Over the past month E-Health Insider readers have debated the relative merits of PDAs and Tablet PCs in healthcare. This week we publish two further perspectives, in a debate that appears more timely than ever with the announcement of the merger between iSoft and Torex.
Which device will the new merged health IT giant be pushing? ISoft are proponents of Tablet PCs, and were Microsoft launch partners for the Tablet. While in June Steve Garrington, chief executive of Torex Health, explained in E-Health Insider why PDAs are better suited to healthcare.
The first of the latest contributions to the debate comes from NHS orthopaedic surgeon Mr Boyd Goldie, who relates his experience of using a Tablet PC and PDA and comments on his frutrations at trying to ensure he contributes to the national IT programme for the NHS. An international perspective, meanwhile, is provided by Dr Graeme Hart, deputy director Department Intensive Care and clinical co-ordinator of the Electronic Health Record Project, Austin Health, Victoria, Australia.
Tablets on the wards
I have only used the Tablet without keyboard on one occasion within the hospital (to impress at an IM&T committee!) At present there is no indication of when we will be able to walk around without a keyboard as we do not yet have wireless environment in wards. If we did then maybe…
Wireless connection may be a problem as when one walks out of the wireless environment, you lose connection to the Intranet and may not be able to get back onto it without logging in again. Wait to see.
The Tablet gets quite hot so one would not walk around with it too long in summer! The battery lasts about three hours, just long enough to do a clinic, not long enough to leave power cable at home, certainly no good for a doctor on the wards.
For any Tablet used by a doctor on a ward or in A&E, the likelihood of it ending up on the floor must be high. A device for general use needs to be ruggedised.
The Tablet has a special "pen" for using on the screen. Unlike a PDA the Tablet’s screen is not pressure sensitive. The pen has a microcircuit in it and is costly to replace ($40). I wonder what the attrition rate for pens would be if Tablets were given to all hospital doctors?
The Tablet has a slot for a Harrington security lock but it can only be used when the screen is detached from the keyboard or if the keyboard is folded behind the screen. This is exactly when one would be walking around with the Tablet and would not want it secured!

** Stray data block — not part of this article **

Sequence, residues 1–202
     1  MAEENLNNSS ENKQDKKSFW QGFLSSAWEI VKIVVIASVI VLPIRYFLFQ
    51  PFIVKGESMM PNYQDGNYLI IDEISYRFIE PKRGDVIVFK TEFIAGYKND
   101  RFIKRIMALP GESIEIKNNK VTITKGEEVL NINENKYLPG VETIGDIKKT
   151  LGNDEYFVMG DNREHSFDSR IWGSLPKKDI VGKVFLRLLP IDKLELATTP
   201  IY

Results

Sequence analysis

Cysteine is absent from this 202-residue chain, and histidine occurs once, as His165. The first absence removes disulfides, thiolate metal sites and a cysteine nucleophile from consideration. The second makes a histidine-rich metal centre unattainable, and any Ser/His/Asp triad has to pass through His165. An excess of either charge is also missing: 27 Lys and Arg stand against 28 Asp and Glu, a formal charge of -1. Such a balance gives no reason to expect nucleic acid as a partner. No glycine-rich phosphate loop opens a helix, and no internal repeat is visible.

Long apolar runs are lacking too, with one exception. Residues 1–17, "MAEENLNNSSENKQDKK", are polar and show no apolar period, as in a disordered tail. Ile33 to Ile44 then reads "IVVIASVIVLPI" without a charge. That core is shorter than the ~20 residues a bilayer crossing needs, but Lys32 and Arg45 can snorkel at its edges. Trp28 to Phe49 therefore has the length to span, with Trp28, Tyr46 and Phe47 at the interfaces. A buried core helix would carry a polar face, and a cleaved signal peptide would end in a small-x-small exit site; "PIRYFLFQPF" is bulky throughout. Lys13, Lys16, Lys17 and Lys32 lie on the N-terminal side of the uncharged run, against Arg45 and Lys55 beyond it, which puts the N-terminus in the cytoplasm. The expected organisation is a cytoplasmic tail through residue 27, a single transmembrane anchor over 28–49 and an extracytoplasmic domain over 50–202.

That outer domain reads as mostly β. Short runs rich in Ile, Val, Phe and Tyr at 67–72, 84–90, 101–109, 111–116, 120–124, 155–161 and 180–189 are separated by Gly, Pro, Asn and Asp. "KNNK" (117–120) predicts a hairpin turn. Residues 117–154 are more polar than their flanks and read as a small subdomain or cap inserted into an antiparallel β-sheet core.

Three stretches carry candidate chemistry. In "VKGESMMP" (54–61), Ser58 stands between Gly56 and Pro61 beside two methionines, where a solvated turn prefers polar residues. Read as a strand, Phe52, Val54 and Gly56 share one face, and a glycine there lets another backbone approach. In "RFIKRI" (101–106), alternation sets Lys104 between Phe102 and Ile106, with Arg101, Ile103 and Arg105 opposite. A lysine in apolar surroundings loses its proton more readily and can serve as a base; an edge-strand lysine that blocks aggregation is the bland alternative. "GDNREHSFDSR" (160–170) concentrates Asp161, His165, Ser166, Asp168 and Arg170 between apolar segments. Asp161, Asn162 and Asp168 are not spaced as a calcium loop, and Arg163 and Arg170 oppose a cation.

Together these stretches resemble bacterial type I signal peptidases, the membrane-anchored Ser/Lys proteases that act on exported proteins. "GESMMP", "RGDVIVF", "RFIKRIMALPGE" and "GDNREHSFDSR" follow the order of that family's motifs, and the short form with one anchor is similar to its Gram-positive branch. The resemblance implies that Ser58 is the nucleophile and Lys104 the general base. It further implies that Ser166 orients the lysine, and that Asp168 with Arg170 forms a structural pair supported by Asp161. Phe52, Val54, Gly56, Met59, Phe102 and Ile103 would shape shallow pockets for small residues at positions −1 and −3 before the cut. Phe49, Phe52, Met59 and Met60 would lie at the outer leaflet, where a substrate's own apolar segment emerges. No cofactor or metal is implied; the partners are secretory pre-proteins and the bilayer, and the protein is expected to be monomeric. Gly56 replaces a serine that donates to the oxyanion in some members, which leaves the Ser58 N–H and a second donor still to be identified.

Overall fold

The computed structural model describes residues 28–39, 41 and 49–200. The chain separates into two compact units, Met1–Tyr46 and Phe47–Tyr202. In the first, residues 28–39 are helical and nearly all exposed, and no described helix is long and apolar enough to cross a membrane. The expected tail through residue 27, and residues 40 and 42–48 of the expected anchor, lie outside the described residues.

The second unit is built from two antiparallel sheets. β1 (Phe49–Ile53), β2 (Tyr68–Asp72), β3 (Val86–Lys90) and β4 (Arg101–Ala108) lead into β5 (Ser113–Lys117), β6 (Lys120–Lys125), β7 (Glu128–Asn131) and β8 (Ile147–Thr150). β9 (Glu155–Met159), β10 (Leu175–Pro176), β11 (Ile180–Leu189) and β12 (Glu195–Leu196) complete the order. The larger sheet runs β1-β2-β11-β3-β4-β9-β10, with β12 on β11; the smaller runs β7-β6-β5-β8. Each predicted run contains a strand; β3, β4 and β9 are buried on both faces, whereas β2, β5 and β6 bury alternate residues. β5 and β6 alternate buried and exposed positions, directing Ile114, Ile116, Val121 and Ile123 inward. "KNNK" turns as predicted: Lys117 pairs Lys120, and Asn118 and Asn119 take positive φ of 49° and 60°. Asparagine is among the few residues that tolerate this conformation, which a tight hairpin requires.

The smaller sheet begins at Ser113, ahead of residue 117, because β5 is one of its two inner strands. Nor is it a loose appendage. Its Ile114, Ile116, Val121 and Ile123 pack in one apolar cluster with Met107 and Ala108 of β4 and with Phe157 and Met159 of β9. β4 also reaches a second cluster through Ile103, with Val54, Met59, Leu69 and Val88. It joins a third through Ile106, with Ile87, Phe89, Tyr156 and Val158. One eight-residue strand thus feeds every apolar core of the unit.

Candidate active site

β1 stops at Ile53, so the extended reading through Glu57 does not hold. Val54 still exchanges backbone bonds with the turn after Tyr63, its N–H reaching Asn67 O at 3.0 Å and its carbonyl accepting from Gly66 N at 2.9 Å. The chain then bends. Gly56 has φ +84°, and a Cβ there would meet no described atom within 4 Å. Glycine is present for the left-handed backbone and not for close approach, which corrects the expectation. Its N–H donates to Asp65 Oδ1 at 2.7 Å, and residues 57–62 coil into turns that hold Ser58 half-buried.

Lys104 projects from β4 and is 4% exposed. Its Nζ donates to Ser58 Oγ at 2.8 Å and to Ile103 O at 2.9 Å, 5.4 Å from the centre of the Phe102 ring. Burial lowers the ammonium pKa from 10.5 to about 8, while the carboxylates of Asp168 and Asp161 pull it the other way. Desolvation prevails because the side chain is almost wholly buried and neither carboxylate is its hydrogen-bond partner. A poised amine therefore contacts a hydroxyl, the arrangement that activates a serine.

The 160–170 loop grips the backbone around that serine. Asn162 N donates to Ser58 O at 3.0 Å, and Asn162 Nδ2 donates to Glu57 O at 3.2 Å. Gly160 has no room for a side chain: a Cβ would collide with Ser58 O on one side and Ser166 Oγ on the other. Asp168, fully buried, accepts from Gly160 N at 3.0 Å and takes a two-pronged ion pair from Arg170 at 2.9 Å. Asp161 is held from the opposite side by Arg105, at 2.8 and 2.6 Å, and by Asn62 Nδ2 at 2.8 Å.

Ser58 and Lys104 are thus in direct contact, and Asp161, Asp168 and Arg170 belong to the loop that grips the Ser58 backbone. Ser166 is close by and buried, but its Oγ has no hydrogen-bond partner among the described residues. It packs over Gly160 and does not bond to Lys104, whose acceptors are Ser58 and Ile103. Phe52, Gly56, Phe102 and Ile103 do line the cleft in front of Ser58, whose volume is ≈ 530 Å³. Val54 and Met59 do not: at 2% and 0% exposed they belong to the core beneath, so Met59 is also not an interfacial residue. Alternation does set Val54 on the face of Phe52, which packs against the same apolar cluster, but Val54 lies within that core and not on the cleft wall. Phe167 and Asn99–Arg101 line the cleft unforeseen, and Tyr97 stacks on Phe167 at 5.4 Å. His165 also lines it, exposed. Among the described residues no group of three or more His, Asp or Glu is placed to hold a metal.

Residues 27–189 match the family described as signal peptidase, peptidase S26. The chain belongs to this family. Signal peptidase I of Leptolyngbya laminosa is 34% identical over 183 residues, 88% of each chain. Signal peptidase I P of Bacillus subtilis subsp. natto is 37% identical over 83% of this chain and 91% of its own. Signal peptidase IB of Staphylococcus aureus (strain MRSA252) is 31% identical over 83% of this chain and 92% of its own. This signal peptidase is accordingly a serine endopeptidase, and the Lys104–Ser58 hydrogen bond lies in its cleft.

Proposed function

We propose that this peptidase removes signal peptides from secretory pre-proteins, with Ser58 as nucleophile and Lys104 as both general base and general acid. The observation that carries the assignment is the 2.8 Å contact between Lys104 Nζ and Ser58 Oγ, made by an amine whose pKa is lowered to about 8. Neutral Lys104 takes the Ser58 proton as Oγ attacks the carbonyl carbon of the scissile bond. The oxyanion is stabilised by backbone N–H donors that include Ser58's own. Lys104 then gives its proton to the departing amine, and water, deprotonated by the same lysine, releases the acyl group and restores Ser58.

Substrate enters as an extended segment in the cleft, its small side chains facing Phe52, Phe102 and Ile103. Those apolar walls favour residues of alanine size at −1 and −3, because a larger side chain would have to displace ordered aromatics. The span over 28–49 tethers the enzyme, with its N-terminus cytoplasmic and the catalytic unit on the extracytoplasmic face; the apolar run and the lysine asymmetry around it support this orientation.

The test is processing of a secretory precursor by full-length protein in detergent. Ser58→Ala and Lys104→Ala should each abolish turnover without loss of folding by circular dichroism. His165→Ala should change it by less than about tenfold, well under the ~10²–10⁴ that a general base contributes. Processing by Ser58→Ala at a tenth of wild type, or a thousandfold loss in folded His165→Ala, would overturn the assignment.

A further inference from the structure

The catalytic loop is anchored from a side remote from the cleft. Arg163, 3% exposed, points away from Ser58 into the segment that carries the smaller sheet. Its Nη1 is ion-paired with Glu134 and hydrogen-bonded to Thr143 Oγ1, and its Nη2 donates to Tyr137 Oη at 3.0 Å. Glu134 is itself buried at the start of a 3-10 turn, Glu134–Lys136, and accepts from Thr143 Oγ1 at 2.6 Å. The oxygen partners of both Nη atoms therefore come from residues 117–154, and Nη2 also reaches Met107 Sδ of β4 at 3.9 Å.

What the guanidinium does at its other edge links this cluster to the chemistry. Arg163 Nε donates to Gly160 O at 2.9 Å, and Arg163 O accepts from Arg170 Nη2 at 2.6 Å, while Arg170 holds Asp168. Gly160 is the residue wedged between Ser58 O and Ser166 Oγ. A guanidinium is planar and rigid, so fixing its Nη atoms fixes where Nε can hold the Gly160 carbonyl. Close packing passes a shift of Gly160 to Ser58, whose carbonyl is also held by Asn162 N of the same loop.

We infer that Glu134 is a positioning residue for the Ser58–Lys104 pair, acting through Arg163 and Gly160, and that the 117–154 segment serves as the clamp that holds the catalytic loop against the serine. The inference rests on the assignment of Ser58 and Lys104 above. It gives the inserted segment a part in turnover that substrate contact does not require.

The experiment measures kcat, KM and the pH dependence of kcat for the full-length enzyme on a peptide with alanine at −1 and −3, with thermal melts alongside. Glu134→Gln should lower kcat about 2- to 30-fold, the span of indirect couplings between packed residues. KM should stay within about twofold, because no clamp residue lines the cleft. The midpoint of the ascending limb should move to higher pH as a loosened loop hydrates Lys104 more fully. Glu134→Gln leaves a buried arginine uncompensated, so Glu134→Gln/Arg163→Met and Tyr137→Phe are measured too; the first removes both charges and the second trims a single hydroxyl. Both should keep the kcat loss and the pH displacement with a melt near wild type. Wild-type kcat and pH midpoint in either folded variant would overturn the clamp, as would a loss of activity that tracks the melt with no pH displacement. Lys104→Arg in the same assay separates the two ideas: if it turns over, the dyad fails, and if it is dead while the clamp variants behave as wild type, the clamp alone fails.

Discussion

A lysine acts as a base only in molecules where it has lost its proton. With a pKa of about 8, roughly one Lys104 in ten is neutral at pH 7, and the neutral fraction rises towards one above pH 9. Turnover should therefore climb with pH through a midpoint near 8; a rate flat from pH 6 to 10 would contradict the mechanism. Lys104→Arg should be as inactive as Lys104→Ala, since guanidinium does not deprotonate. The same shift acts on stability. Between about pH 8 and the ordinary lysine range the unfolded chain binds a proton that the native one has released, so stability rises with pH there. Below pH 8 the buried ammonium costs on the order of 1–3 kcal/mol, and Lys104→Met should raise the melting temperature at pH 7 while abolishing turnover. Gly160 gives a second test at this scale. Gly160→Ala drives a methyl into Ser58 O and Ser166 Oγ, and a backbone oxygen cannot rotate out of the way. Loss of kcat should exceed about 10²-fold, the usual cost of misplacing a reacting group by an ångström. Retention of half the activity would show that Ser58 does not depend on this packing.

All connections with both the Tablet and the docking station use a USB connection. So if you want to use a keyboard or mouse with the docking station they must be USB connected.
You can only draw into Word documents if you install Word XP (including all Service Packs) and then download "Office XP pack for Tablet PC". You can then insert a special "ink drawing" into a text box. You cannot just annotate a Word document as the adverts imply – perhaps this is in the next release or just the demo!.
It is easier to draw into the special Tablet program "Windows Journal". This can import Word documents but once converted, the documents cannot be read as a Word document by anyone else.
I have been using voice recognition on the Tablet and have also tried using the Handwriting input using the pen. Even though I regularly input into my PDA with the stylus, this method of input on the Tablet did not work for me. It proved too irritating to be of use.
Although I have added extra RAM, the Tablet seems surprisingly slow. It only has a 900Hz processor. The screen has a special coating of some sort. As a result it is not as crisp as one would expect from a "normal" laptop. This is a slight problem when viewing x-rays. A Tablet is not pocket-sized! How is a doctor expected to carry it around? A Tablet must be a target for opportunistic theft in most hospitals.
We live in hope that EPR providers have considered how Tablets would be implemented to enhance their products. Have they further considered how a junior doctor would use a Tablet, and in particular do they envisage one Tablet per doctor or a few Tablets per ward? If it were the latter, how would one ensure that the tablets would stay on the ward. How many is enough? If you stuck the Tablet without its keyboard onto a trolley, it would merely defeat the purpose of the Tablet. A WiFi laptop would do the same job.
PDA for accessing EPR
I personally am a big fan of PDAs and presently have a Sony Clie. The screen is small but crisp. I have repeatedly suggested that EPR providers should talk to someone such as Avantgo, as I believe they could configure their commercial application.